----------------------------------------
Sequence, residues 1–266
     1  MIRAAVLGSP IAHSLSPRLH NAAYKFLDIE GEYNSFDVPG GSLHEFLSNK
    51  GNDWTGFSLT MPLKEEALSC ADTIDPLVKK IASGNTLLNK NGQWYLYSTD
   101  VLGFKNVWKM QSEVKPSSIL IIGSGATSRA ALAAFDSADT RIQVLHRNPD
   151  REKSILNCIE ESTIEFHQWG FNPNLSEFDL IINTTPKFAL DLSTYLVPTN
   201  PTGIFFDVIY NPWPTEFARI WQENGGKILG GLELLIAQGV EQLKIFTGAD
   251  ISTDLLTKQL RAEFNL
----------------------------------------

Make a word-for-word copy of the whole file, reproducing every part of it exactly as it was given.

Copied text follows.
Sequence, residues 1–266
     1  MIRAAVLGSP IAHSLSPRLH NAAYKFLDIE GEYNSFDVPG GSLHEFLSNK
    51  GNDWTGFSLT MPLKEEALSC ADTIDPLVKK IASGNTLLNK NGQWYLYSTD
   101  VLGFKNVWKM QSEVKPSSIL IIGSGATSRA ALAAFDSADT RIQVLHRNPD
   151  REKSILNCIE ESTIEFHQWG FNPNLSEFDL IINTTPKFAL DLSTYLVPTN
   201  PTGIFFDVIY NPWPTEFARI WQENGGKILG GLELLIAQGV EQLKIFTGAD
   251  ISTDLLTKQL RAEFNL